Taarka will perform at the Walnut Room downtown.
From left: David Pelta-Tiller, Mike Robinson, Troy Robey, and Enion Pelta-Tiller. Photograph courtesy of Anne Staveley
If the apocalypse comes, David Pelta-Tiller is unsure of what music he would take with him as he tries to live out the end of the world. “It’s tough,” he says. “It depends on what mood I’m in.” Apparently not even the end of days could force David to make a rushed decision when it comes to music.
David and his wife Enion are the foundation of Taarka, a band whose influences include American folk, eastern European folk, traditional bluegrass, Celtic, Klezmer, Roma, pop, jazz, and even Motown. The string band, based about an hour north of Denver in Lyons, is remarkable in that it can weave all those influences together into a cohesive, meaningful composition.
The result is something that’s shockingly easy—and enjoyable—to experience.
Although Taarka is set up more or less like a traditional bluegrass band—it features the mandolin, a violin (that sounds more like a fiddle at times), a string bass, and a guitar—it somehow manages to showcase a plethora of global influences in a way that can appeal to more than just music geeks. What's remarkable is how David, Enion, and their two bandmantes take these various genres and use them to highlight their own musical abilities. Fading Mystery, Taarka’s latest album, will be available to the public on March 10, and accompanying its release will be a live show in Denver on Friday night.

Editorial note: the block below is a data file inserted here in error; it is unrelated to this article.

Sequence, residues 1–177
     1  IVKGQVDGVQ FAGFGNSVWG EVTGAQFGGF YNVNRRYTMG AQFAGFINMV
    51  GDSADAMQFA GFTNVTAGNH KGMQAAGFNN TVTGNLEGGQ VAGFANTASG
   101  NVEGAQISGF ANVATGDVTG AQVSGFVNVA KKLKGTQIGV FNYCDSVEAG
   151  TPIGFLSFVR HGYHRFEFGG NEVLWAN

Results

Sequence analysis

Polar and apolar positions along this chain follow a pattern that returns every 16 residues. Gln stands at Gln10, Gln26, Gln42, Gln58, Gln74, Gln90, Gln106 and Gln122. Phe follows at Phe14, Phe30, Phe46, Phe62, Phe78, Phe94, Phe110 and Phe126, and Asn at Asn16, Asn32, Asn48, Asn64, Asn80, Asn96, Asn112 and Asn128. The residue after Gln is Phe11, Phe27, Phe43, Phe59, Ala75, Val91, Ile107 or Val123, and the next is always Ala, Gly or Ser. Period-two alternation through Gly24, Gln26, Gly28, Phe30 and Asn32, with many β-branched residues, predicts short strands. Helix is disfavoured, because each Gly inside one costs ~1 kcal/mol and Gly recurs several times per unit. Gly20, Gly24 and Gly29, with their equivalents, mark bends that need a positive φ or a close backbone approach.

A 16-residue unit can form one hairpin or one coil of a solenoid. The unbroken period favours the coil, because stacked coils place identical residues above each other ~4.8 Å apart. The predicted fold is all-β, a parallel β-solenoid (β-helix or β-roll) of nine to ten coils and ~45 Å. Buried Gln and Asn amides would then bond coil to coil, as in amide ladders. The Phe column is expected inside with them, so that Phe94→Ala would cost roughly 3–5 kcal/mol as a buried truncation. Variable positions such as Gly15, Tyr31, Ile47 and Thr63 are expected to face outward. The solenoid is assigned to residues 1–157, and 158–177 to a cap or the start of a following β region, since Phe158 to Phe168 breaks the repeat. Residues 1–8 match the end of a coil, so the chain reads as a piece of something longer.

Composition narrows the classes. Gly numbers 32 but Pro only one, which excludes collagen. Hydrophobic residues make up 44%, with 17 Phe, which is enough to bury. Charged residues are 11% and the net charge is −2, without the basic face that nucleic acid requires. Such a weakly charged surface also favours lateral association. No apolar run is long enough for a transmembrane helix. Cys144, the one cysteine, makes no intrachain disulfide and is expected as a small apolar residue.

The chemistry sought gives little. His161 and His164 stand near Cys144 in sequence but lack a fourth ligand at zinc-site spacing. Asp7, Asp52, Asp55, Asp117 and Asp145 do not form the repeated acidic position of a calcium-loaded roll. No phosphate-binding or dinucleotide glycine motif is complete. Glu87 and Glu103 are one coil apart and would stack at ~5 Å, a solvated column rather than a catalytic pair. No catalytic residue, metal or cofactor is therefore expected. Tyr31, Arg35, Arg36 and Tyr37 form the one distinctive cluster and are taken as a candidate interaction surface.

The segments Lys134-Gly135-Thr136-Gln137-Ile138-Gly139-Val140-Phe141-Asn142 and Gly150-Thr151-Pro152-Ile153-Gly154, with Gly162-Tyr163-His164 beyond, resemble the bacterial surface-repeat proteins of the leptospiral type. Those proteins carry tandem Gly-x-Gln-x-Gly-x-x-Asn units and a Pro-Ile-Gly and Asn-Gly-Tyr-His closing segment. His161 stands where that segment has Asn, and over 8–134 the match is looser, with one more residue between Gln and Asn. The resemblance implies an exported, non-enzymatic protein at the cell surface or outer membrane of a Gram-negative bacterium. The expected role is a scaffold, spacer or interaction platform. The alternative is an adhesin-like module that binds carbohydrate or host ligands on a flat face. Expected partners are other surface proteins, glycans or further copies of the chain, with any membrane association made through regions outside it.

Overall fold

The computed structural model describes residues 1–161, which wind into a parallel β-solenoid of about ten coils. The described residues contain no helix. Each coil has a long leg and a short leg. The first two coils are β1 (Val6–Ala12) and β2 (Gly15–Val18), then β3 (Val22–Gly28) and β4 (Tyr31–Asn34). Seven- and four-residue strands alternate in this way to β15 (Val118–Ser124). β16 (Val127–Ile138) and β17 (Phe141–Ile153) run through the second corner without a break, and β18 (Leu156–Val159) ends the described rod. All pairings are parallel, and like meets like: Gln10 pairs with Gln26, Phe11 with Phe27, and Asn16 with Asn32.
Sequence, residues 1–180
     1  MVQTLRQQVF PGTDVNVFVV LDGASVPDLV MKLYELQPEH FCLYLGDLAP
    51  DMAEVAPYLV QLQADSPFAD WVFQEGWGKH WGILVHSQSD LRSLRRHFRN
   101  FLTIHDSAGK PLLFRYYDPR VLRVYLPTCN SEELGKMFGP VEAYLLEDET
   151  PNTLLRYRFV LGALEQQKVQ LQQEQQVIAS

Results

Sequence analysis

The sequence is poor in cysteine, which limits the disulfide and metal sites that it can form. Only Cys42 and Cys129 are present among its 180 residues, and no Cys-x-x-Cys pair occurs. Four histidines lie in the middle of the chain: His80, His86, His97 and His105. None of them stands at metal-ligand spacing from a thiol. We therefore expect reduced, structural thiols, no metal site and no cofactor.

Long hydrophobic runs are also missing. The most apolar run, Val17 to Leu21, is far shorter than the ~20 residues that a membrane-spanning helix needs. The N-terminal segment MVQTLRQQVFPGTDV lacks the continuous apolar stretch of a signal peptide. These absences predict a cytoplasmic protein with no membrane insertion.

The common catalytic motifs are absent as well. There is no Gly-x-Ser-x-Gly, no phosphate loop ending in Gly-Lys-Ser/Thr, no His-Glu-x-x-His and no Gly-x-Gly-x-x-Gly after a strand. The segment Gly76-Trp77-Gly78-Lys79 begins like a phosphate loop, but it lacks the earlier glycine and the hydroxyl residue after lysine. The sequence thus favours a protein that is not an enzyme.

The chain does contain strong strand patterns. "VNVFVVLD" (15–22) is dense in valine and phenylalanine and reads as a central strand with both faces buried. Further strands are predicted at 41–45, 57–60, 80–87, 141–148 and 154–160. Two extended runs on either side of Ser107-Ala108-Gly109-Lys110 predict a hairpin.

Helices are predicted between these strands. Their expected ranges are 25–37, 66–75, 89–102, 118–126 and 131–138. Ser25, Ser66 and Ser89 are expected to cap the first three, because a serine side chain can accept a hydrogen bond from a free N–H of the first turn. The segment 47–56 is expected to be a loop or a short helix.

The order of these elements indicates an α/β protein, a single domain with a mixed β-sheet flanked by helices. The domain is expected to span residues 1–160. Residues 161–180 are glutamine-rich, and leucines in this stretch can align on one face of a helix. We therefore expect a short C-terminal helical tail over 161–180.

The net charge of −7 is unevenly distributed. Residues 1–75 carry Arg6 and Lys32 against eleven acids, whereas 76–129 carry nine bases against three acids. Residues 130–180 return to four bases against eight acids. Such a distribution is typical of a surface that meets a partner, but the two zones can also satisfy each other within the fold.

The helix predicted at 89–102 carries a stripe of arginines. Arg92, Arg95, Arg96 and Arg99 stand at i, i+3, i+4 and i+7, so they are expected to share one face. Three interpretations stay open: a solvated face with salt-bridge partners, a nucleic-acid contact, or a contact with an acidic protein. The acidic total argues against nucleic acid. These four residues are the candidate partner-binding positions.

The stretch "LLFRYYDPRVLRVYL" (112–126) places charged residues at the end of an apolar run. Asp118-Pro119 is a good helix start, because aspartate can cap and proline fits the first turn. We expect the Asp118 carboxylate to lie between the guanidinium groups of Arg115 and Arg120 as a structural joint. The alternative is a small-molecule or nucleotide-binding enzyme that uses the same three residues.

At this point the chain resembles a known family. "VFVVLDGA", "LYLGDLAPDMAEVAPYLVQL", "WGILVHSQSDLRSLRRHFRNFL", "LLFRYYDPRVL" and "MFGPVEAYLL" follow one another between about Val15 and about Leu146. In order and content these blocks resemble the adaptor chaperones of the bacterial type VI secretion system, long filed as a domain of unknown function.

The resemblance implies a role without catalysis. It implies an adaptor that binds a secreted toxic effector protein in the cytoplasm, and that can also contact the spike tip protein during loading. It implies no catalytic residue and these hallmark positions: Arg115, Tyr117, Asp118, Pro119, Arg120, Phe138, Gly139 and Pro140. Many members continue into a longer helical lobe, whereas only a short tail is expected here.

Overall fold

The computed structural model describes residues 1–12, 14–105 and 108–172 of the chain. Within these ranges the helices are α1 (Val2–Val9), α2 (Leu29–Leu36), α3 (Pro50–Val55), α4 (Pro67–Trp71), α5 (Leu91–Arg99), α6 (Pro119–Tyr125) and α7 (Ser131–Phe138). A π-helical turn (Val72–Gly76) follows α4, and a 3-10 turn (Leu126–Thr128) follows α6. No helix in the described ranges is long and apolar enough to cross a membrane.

The album is a quick 45 minutes, and among the 10 tracks that channel a wide varietly of influences, “Retreat” stands out. A purely instrumental song on the second half of the album, "Retreat" is the clearest exposition of each player’s abilities. Enion opens it up on her violin and establishes the melody. In traditional bluegrass fashion, that melody is repeated late in the song, with each artist improvising his or her own take. But in those solos, the the flavors Klezmer, Roma, and jazz all shine through. In just under four minutes, listeners go on a journey around the world.
The one challenge that comes with listening to a Taarka album is knowing where exactly each new sound derives from. Unless world music and music history are the listener’s passion, it can be difficult to place the sounds Taarka showcases. It’s part of the reason this band has, as David puts it, “successfully avoided being successfully pigeonholed.”
“We’re being musically honest to ourselves by using what music we like as opposed to trying to conform to somebody’s expectations,” David says. “We are pursuing our heart of what we love about music and putting it together.”
But that shouldn’t be taken as a knock on Taarka. Rather, it’s reason for excitement. Taarka's rare ability to take influences that rarely coexist together and create something new is rare, and worth the listen. David and Enion have been training on the instruments they still play since they were 5 and 3 years old, respectively. That passion shows in their musicianship on Fading Mystery, a work on which the husband-and-wife duo show they’re constantly growing as artists—no small feat after 16 years of playing together.
By the time David and Enion finally agreed on their apocalypse playlist, it spanned multiple genres and included Stevie Wonder, Kronos Quartet, Radiohead, Django Reinhardt, Robert Johnson, Marvin Gaye, Ray Charles, and Galician Celtic music. The music on this list is angry, bluesy, happy, jazzy, soulful, apocalyptic, and soothing. Such is a fitting embodiment of Taarka’s inspiration.
If you go: The show begins at 8 p.m. at the Walnut Room. Tickets are $10 in advance, $15 at the door. 3131 Walnut St. Call 303-292-1700 or get tickets online.